❝Hᴀᴛʜ ɴᴏᴛ ᴀ Jᴇᴡ ᴇʏᴇs? Hᴀᴛʜ ɴᴏᴛ ᴀ Jᴇᴡ ʜᴀɴᴅs, ᴏʀɢᴀɴs, ᴅɪᴍᴇɴsɪᴏɴs? Sᴇɴsᴇs, ᴀғғᴇᴄᴛɪᴏɴs, ᴘᴀssɪᴏɴs? Iғ ʏᴏᴜ ᴘʀɪᴄᴋ ᴜs ᴅᴏ ᴡᴇ ɴᴏᴛ ʙʟᴇᴇᴅ? Iғ ʏᴏᴜ ᴘᴏɪsᴏɴ ᴜs, ᴅᴏ ᴡᴇ ɴᴏᴛ ᴅɪᴇ? Aɴᴅ ɪғ ʏᴏᴜ ᴡʀᴏɴɢ ᴜs, sʜᴀʟʟ ᴡᴇ ɴᴏᴛ ʀᴇᴠᴇɴɢᴇ? Iғ ᴀ Jᴇᴡ ᴡʀᴏɴɢ ᴀ Cʜʀɪsᴛɪᴀɴ, ᴡʜᴀᴛ ɪs ʜɪs ʜᴜᴍɪʟɪᴛʏ? Wʜʏ, ʀᴇᴠᴇɴɢᴇ!❞

A play by William Shakespeare
A review brought to you by ѕαяαн {24601}

[My Rating] 4.5 stars Really, really liked it/It was amazing
[Goodreads' Average Rating] 3.75 Stars Liked it/really liked it
[Would I read this again?] Yes
[Genre] Shakespearean Comedy

The Merchant of Venice is a play by English playwright William Shakespeare, set in the Italian port of Venice. Highly centred around the anti-Semitic attitudes of the time, the play illustrates the story of conflict between Antonio, a Christian merchant, and Shylock the Jew. 
Before I continue, I should start off with a bit of historic explaining.

The Merchant of Venice was believed to be written between the years of 1596 and 1598 in Renaissance England. At the time, there would not have been a Jew in England. The people and citizens of England would have been Christians or nothing else, for if they should be Atheist or non-Christian. it was something that could admittedly be punishable by death. One of the few places where Jews could live was in the rich Italian port of Venice, where they were given jobs and the right to live, hence the setting of the play. However, Jews were forced to live in Ghettos and the jobs they were given were to be the equivalent of the modern day bank. They would lend out money to people who needed it and could charge interest if they wished to. It was against a Christian's guidelines to ask for interest when they lent something, and so the Jews of Venice were amongst the few who could. 

It starts off with our merchant feeling sad. Antonio doesn't know why his mood is so downcast, and his friends (Gratiano, Solarino, Bassanio, Lorenzo) attempt to cheer him up. Bassanio, Antonio's best friend, is left alone with the merchant of Venice, and confesses to Antonio that he has spent all of the money that was lent to him, and asks for Antonio's help. For Bassanio needs to be dressed in rich garments should he wish to try his fortune out in Belmont, the fortress built on the outskirts of Venice. There lives the fair Portia, who is bound to her fate by a dead father's will. She lives in near-solitude, and confides everything to Nerissa, her servant and trusted friend.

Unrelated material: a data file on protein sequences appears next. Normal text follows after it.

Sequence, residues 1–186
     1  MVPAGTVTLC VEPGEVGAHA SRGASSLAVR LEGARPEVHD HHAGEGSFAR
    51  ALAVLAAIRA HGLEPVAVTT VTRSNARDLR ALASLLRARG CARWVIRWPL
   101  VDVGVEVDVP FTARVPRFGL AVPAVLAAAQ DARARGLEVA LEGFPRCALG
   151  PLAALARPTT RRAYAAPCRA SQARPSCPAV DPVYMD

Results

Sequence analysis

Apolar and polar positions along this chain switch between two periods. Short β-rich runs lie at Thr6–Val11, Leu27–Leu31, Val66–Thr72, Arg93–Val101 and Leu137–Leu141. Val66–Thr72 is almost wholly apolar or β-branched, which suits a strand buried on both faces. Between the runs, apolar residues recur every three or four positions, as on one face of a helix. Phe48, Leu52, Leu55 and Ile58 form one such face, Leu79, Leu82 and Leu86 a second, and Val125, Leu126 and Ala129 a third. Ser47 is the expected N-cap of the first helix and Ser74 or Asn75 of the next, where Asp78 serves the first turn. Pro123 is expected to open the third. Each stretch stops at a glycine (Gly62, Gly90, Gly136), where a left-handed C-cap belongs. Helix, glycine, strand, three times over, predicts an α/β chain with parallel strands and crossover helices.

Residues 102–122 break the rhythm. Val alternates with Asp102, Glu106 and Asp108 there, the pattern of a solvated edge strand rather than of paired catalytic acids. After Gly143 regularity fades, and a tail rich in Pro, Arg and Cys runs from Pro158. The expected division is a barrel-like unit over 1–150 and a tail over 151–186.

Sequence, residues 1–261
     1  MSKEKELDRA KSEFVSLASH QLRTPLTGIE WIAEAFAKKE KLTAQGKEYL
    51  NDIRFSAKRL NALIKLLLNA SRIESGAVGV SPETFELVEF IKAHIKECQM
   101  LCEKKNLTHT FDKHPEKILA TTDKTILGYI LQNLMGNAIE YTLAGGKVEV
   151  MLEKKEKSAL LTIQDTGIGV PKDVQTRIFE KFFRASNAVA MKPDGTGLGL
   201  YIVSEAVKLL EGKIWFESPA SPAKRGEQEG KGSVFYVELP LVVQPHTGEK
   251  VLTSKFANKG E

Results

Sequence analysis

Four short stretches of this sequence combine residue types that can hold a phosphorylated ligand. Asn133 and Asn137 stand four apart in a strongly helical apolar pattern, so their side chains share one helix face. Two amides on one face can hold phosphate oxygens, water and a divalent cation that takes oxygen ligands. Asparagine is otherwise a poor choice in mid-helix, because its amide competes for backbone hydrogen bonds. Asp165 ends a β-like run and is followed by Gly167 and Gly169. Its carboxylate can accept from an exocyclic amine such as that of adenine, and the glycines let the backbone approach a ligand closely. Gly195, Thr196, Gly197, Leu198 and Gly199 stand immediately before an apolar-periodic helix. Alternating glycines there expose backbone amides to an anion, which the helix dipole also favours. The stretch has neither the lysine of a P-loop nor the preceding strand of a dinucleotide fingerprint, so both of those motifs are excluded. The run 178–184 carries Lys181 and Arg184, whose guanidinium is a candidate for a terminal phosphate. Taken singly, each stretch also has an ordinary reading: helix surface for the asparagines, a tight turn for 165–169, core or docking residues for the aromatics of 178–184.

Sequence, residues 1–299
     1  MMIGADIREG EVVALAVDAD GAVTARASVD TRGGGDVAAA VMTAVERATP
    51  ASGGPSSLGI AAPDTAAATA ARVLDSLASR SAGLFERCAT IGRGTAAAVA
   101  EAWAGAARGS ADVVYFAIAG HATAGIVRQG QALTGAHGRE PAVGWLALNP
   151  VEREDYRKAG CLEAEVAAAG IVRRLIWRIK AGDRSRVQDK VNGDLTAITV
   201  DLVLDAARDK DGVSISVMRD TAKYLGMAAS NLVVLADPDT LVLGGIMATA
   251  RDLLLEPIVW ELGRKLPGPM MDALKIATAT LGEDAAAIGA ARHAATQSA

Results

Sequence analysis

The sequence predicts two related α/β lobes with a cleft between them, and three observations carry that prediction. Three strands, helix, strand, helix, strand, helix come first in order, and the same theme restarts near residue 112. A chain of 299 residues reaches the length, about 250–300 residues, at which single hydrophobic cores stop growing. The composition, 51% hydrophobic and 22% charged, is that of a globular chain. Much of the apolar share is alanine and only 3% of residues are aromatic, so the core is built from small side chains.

Portia is in a difficult situation. Many men have come to court her and to try to find the answer to the riddle that will then gain the man her hand in marriage. Portia wishes to leave Belmont and find her own husband, but she is loyal to her dead father and his wishes, and feels bound to this. The rite through which every one of Portia's courters must go through is named "the choosing of the caskets." There are three caskets. One of Gold, which says, "Who chooseth me shall gain what many men desire." The other is of silver, which tells "Who chooseth me shall get as much as he deserves." And the last is of lead, which reads, "Who chooseth me must give and hazard all he hath." 

So here comes the young Bassanio in need of money. Alas, Antonio has none to give, for all his merchandise is out at sea, on ships laden with silks and riches and bound of trading ports. But he knows just the man to go to. Shylock the Jew, the moneylender that the Christians all despise. Upon their meeting, Shylock mocks the demand from Antonio. Three thousand ducats is what Bassanio needs. Shylock responds: "Well then, it now appears you need my help:
Go to, then; you come to me, and you say
'Shylock, we would have moneys:' you say so;
You, that did void your rheum upon my beard
And foot me as you spurn a stranger cur
Over your threshold: moneys is your suit
What should I say to you? Should I not say
'Hath a dog money? is it possible
A cur can lend three thousand ducats?' Or
Shall I bend low and in a bondman's key,
With bated breath and whispering humbleness, Say this;
'Fair sir, you spit on me on Wednesday last;
You spurn'd me such a day; another time
You call'd me dog; and for these courtesies